Please note I’ve changed the format of the blog emails. They now include just the introduction to each post. Click the link at the bottom of the email to see the full post.
This is a follow-up to last week’s post about these amazing ice crystals. We’ve now had six days with low temperatures below freezing, and each morning there have been more frost flowers on the two Dittany plants (Cunila origanoides).
Each “flower” has been quite different and I’ve had great fun photographing them from different angles and in different light. However, once the sun reaches them they soon begin to melt.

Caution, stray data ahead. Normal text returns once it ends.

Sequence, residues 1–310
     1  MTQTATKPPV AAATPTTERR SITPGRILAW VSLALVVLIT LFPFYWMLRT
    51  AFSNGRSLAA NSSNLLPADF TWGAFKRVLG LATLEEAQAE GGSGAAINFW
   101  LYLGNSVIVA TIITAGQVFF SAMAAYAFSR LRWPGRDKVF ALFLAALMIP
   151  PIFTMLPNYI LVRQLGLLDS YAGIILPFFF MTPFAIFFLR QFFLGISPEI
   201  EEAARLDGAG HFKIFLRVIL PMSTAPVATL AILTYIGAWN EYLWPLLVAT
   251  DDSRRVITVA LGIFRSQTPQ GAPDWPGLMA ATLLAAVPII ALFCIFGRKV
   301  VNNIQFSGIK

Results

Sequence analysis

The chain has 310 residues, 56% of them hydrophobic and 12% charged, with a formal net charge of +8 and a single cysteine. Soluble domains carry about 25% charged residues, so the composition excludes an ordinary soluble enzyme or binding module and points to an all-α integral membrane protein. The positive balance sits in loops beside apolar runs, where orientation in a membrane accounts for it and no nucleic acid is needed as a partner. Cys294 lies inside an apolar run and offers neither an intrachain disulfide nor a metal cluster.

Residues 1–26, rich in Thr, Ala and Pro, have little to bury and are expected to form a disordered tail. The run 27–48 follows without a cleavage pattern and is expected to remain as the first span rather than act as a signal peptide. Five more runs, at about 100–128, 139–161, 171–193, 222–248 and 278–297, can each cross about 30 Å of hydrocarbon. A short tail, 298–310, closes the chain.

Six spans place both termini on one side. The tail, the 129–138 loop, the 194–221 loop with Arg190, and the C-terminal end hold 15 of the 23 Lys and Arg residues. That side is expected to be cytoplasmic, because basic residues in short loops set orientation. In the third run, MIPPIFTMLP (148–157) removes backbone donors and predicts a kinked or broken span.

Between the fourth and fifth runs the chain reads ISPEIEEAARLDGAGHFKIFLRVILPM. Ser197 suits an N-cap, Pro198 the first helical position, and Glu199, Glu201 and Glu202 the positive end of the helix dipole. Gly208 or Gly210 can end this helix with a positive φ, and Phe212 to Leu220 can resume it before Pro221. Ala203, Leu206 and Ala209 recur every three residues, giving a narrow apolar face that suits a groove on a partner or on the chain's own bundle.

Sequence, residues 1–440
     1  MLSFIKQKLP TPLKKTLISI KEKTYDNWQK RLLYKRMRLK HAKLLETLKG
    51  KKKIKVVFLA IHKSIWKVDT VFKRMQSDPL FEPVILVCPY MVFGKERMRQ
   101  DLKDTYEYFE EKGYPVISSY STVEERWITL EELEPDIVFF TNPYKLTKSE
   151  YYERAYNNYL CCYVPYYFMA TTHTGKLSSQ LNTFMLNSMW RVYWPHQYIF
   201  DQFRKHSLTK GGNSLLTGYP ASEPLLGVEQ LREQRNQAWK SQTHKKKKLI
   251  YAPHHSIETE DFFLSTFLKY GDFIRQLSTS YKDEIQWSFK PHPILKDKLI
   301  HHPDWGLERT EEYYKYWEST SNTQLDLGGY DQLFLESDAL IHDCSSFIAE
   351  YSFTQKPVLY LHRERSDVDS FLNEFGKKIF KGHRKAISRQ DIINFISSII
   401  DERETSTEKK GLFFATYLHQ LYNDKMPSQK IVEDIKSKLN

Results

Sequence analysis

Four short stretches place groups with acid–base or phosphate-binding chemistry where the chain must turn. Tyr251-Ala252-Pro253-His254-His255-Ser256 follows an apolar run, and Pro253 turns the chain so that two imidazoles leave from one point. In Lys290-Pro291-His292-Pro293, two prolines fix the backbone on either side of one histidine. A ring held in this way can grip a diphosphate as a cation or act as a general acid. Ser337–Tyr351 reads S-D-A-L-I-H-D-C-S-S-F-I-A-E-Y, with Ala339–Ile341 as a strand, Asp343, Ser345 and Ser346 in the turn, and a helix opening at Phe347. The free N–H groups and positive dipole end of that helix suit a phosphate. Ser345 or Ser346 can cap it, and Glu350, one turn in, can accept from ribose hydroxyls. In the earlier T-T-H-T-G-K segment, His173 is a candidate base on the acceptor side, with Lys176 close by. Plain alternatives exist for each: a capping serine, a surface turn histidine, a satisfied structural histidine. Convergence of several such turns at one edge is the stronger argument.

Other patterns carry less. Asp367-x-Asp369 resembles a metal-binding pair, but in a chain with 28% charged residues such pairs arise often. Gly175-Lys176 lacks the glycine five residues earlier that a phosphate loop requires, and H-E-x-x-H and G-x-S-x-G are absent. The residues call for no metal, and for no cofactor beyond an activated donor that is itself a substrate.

I’m amazed to know the roots had enough moisture to create these ice crystals for six days. On day five they were smaller, and I thought perhaps the show was over. However, on day six, after a low of 25 degrees, there were two new creations, including this one.
Some local folks who live in the country are frequently seeing frost flowers. I get the idea that most of those ice crystals are on the larger plants mentioned in last week’s post rather than Dittany, however I’m not sure.
I appreciate the response to last week’s post. Among other things, I’ve learned that Dittany is a medicinal and culinary herb. If you’re interested in planting it, two possible sources are Shooting Star Nursery (in Kentucky) and Missouri Wildflowers Nursery.